Health officials are reaching out to residents after an unvaccinated child in Montgomery County, Pennsylvania, tested positive for measles.
Investigators with the Montgomery County Office of Public Health are currently completing contact tracing with the locations the child visited as well as the child’s guardian. They are also notifying anyone who may have been in contact with the child and potentially exposed.
Pennsylvania locations the child visited
Officials said the child visited the following locations during their infectious period and people who were at those locations during the specific time periods may have been exposed to the measles virus:
July 20, 2023 from 12:30 p.m. to 6:30 p.m.
Bryn Mawr Hospital Emergency Room
130 S. Bryn Mawr Ave., Bryn Mawr, PA 19010
July 20, 2023 from 5:15 p.m. to 8:15 p.m.
740 Upper State Road, North Wales, PA 19454
July 21, 2023 from 5:30 p.m. to 9:45 p.m.
Children’s Hospital of Philadelphia Emergency Department
3401 Civic Center Blvd., Philadelphia, PA 19104
July 22, 2023 from 5 p.m. to 8 p.m.
1515 Bethlehem Pike, Hatfield, PA 19440
July 23, 2023 from 9:15 a.m. to 5:45 p.m.
Children’s Hospital of Philadelphia Middleman Family Pavilion Emergency Department
550 S. Goddard Blvd., King of Prussia, PA 19406
How long is the measles virus infectious?
The measles virus can remain infections in the air and on surfaces for up to two hours after an infected person leaves an area.
What should you do if you believe you were exposed to the measles virus?
Here are tips from the Montgomery County Office of Public Health:
- Review your immunization and medical records to determine if you’re protected against measles.
- People who have not had the measles infection previously or who have not received the measles immunization may not be protected from the measles virus and should talk with a healthcare provider about receiving the measles, mumps and rubella (MMR) immunization.
- Contact and notify your healthcare provider as soon as possible about a potential exposure if you’re pregnant, have a child under the age of 1, have a weakened immune system and/or are not vaccinated.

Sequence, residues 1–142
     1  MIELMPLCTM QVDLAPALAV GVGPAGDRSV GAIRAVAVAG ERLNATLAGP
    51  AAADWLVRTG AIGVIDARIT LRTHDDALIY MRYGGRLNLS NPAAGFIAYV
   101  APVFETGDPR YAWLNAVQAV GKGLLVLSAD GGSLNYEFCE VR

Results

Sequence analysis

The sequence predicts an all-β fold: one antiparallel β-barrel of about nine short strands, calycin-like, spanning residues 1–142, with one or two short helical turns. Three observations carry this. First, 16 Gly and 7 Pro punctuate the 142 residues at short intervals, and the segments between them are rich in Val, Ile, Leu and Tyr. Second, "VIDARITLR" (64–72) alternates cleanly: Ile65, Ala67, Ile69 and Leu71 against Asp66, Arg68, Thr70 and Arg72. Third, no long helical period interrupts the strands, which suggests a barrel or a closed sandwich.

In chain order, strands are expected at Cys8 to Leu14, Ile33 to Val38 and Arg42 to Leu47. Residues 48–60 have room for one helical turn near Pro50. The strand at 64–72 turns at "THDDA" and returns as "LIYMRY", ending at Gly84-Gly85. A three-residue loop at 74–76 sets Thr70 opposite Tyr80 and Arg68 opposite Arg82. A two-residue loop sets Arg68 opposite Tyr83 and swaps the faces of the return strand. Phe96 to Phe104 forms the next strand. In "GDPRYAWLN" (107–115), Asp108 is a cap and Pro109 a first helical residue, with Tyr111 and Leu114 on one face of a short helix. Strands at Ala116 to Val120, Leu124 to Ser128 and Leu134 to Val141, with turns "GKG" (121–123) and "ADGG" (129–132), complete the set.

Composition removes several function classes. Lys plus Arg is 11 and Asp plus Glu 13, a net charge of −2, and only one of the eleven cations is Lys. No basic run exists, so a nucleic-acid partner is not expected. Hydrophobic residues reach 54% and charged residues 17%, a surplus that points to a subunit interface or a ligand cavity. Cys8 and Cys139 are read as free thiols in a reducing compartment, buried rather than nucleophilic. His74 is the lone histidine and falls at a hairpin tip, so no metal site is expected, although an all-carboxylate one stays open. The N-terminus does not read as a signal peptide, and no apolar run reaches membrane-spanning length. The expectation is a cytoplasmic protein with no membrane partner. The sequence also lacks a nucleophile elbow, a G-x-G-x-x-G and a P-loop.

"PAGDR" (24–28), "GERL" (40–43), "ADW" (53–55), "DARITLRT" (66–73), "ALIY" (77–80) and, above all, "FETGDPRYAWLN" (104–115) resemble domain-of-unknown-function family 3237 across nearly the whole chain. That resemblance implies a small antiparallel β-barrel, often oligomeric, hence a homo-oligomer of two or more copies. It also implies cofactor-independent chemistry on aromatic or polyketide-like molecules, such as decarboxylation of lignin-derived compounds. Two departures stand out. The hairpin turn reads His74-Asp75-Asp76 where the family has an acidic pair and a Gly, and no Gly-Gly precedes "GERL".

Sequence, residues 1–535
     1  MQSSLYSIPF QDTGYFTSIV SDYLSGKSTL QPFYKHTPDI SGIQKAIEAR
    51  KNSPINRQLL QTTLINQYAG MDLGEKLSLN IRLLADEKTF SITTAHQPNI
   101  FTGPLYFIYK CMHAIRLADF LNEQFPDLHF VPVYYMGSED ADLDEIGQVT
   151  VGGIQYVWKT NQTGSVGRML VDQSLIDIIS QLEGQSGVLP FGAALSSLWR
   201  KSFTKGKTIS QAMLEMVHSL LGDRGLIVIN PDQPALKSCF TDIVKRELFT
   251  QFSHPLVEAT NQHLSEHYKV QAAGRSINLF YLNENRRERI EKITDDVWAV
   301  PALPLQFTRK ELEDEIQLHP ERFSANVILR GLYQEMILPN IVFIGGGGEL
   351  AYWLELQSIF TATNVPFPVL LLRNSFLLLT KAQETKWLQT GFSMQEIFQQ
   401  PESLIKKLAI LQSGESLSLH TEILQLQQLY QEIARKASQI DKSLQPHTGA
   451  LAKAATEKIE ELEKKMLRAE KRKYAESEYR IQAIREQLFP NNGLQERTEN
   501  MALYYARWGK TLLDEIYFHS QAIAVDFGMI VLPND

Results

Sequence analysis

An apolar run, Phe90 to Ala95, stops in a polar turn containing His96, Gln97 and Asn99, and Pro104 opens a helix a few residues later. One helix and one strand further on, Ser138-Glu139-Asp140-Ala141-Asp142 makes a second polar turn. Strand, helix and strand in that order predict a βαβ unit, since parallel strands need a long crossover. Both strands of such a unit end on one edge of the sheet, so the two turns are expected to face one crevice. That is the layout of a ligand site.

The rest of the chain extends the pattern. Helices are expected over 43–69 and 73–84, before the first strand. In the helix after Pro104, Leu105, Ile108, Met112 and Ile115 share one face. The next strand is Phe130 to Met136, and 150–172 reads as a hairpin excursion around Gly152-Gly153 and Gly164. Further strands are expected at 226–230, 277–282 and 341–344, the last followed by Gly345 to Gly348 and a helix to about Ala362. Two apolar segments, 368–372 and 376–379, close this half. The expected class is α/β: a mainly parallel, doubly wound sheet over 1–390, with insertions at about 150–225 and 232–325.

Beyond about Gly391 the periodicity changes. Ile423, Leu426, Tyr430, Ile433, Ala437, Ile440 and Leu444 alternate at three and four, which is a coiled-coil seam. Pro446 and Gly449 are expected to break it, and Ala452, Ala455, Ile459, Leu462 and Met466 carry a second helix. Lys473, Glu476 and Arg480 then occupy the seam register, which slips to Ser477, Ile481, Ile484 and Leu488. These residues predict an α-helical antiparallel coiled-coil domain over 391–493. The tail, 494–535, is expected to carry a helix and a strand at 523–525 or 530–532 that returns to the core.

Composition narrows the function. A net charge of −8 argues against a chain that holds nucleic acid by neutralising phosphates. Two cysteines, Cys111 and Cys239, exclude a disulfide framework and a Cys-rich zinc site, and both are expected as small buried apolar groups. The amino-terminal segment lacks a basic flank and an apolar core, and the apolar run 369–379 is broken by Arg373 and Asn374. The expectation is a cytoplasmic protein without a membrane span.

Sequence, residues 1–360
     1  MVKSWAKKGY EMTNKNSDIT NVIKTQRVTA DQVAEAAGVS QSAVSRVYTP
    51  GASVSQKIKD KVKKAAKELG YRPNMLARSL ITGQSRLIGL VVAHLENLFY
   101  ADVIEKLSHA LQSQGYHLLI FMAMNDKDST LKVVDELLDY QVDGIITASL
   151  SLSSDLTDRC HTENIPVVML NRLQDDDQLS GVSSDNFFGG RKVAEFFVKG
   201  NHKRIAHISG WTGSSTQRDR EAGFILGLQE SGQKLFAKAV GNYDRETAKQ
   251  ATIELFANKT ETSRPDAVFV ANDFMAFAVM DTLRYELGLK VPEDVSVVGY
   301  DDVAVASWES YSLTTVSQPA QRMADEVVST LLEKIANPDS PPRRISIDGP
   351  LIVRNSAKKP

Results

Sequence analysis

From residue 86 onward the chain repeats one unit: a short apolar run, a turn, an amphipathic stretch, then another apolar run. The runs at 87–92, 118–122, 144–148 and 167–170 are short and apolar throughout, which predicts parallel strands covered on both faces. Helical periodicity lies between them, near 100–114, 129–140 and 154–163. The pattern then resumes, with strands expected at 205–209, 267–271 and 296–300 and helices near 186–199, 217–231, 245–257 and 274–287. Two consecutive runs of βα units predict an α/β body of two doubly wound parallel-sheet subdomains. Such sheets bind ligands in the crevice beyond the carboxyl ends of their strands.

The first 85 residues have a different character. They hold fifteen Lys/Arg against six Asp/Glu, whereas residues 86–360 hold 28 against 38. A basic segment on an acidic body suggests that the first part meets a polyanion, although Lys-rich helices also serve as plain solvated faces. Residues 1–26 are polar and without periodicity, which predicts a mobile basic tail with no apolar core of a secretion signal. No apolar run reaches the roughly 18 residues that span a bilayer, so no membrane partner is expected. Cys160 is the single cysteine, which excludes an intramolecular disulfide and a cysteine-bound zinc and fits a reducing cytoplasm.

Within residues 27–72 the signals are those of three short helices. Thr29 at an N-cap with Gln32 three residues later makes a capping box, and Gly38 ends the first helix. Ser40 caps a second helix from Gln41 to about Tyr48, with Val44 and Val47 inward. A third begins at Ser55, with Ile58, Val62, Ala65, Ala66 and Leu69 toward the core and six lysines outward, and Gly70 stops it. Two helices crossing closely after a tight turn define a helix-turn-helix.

- Monitor yourself for illness and fever and/or an unexplained rash from seven days to 21 days after the exposure or time period when symptoms may develop.
- If symptoms develop, stay at home and call a healthcare provider immediately.
Can vaccinated people test positive for measles?
For those who are properly immunized against measles, the risk of getting the disease is minimal, health officials say.
How contagious is measles?
Measles is an extremely contagious virus that lives in the mucus membranes of the nose and throat of infected people. The virus can be transmitted from person to person through coughing and sneezing.
How can you become infected by measles?
A healthy person can become infected with measles if they breathe the contaminated air or touch an infected surface then touch their eyes, nose or mouth.
When an infected person sneezes or coughs, droplets spray into the air. Those droplets can contain an active and contagious virus that will last in the air and on surfaces for up to two hours.
What are the symptoms of measles?
- Measles normally begin with a fever of 100.4F or higher that lasts for several days. That’s followed by a cough, runny nose or watery eyes.
- Two to three days after the symptoms begin, tiny white spots appear in the mouth.
- Three to five days after symptoms begin, a flat red spotted rash will first appear on the face at the hairline before spreading downwards to the neck, trunk, arms, legs and feet.
- The flat red spots may also be joined by small raised bumps. The symptoms appear about seven to 14 days on average after exposure but can be as long as 21 days.
Who is most at risk of testing positive for measles?
- Babies who are too young to have been vaccinated (less than 1 year of age)
- Children who are only partially vaccinated (less than 6 years of age)
- People who were vaccinated with an unknown type of vaccine used between 1963 and 1967 who haven’t been revaccinated
- People born after 1957 who have only received one dose of vaccine
- People who have refused vaccination
- People from parts of the world where there is low vaccine coverage or where measles is currently circulating
- Immune-compromised individuals, including organ transplant recipients, patients receiving chemotherapy and people living with HIV/AIDS
Who is considered immune to measles?
- People who were born in 1957 or earlier
- People who have had two doses of Measles, Mumps, Rubella (MMR) vaccine
- People who have had measles
What should you do if you think you have measles?
If you believe you have been exposed to measles or are showing symptoms, contact your healthcare provider. Healthcare providers should report any suspected cases of measles to MCOPH at 610-278-5117 or after hours at 610-635-4300.
Where can I get vaccinated against the measles?
You can receive the MMR vaccine at your local healthcare provider or pharmacy. Call the Montgomery County Office of Public Health at 610-278-5117 for testing recommendations, advice or any questions related to the virus.